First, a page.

So, what happens in an individual’s chemistry when he or she takes opioids? Well, let’s start at what happens naturally. You may not realize this, but the human body produces its own natural opioids, called endorphins. Endorphins are released when a person experiences pain, excitement, love, sex, or exercise.
These endorphins attach themselves to the opioid receptors in the brain, called the mu receptor, and act as a natural painkiller and/or brings about a feeling of pleasure or well-being. If you were to break your arm, for instance, the opioids your body produces would act effectively with the opioid receptors in your brain to mitigate the pain temporarily.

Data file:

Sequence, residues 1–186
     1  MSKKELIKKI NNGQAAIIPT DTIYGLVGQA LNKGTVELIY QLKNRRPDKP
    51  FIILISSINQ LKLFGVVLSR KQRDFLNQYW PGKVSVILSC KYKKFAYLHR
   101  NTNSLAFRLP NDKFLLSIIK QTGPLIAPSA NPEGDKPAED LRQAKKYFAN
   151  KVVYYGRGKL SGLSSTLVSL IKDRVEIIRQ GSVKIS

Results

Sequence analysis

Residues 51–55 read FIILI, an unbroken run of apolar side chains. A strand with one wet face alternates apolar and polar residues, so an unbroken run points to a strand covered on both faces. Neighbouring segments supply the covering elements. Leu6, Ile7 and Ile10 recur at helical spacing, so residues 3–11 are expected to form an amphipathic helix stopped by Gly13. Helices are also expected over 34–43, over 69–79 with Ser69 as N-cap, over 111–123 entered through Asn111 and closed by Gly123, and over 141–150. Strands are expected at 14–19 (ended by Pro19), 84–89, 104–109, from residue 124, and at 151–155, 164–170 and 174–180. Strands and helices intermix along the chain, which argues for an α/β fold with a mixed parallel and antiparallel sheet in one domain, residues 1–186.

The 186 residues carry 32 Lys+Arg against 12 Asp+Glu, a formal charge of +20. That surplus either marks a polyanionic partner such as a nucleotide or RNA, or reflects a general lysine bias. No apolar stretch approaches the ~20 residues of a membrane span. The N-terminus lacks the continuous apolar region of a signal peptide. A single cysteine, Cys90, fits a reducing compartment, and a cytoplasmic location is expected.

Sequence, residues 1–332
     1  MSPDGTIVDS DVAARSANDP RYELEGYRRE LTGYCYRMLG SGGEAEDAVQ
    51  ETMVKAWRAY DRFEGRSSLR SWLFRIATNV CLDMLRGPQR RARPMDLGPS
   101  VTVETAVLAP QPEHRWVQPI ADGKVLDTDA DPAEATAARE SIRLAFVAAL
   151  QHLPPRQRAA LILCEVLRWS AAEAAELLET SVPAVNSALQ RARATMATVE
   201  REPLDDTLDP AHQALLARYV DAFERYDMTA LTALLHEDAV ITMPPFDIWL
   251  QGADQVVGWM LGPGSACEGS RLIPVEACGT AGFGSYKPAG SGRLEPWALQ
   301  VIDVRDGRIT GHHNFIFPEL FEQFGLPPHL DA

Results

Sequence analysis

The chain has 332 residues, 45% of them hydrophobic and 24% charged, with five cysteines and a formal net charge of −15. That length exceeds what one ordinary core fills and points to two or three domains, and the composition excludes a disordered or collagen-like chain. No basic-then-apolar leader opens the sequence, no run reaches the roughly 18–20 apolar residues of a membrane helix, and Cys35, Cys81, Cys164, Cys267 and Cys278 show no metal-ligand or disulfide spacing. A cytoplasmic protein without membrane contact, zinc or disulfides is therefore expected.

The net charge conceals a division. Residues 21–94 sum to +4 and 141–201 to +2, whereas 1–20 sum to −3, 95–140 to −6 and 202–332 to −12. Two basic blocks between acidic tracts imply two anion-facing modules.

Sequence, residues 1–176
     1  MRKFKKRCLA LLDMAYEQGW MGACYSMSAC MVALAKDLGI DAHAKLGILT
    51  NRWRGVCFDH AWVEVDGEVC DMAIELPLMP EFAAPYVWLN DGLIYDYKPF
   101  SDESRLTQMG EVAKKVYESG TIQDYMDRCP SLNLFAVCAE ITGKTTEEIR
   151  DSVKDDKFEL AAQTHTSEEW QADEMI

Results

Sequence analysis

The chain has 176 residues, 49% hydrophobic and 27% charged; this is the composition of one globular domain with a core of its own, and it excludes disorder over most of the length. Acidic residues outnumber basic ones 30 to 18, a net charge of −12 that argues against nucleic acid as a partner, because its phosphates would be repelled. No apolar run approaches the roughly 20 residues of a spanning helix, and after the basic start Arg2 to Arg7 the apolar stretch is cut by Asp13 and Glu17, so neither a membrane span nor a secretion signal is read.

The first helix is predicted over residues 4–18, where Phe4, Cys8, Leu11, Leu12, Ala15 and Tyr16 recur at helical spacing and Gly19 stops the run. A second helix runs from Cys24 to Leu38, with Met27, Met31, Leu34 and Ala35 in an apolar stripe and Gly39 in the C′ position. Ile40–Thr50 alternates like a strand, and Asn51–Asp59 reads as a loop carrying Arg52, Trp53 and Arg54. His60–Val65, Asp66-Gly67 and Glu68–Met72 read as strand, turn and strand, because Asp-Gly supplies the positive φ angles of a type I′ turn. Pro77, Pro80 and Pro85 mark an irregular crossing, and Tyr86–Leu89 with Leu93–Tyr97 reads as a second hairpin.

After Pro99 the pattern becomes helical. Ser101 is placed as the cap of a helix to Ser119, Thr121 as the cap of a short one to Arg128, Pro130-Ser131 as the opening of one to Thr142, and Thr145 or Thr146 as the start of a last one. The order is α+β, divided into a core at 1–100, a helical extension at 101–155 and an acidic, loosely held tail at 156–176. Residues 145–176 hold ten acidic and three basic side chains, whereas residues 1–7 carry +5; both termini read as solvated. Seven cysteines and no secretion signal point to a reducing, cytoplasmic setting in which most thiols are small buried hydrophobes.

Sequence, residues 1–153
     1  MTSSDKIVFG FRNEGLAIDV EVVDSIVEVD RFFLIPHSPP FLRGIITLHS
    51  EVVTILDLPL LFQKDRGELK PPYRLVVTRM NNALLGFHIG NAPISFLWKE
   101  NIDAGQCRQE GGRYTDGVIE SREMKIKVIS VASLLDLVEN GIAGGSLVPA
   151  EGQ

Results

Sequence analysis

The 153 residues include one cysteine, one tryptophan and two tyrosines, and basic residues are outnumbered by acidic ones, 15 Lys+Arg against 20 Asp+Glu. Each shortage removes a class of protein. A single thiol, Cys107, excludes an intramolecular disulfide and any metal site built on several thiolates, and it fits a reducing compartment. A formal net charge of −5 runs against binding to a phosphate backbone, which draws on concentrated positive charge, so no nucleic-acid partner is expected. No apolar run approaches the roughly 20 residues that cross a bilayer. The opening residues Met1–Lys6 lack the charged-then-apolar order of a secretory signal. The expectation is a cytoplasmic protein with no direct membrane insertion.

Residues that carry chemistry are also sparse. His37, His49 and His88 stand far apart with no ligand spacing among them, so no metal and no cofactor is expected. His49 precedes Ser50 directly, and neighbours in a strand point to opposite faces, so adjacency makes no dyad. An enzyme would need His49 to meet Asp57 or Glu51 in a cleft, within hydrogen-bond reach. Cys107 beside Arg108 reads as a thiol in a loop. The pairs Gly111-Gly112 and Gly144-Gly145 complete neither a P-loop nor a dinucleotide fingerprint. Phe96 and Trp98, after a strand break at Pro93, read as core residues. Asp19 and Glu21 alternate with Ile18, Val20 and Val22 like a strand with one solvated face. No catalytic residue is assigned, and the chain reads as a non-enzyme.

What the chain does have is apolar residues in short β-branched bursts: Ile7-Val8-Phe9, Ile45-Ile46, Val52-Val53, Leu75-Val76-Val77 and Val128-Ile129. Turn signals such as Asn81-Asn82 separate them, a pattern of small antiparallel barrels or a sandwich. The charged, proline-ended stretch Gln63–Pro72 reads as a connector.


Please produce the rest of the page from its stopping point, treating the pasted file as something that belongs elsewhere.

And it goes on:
When opioids, such as Oxycodone, Vicodin, Fentanyl and Heroin, are introduced into the body, they react with the opioid receptors in a more powerful way than the natural opioids. After a while, if a person continues to use the outside opioids, they replace the natural opioids because the brain doesn’t need to react supply the receptors if they are already being satisfied.
The receptors can also build a tolerance to the opioids, resulting in the need to take stronger doses as time goes on.
When you stop using the opioids, the body does not immediately begin sending the natural opioids to the receptors. For a while, it expects the outside opioids to keep coming. It takes some time for the body to begin producing natural opioids in normal quantities. This is what causes withdrawal. The person will not begin feeling normal again until the usual quantities of natural opiates are being produced.
If you or a loved one is suffering from prescription drug dependency, addiction, Substance Use Disorder (SUD) or Opioid Use Disorder (OUD), reach out for help and find an outpatient recovery treatment program.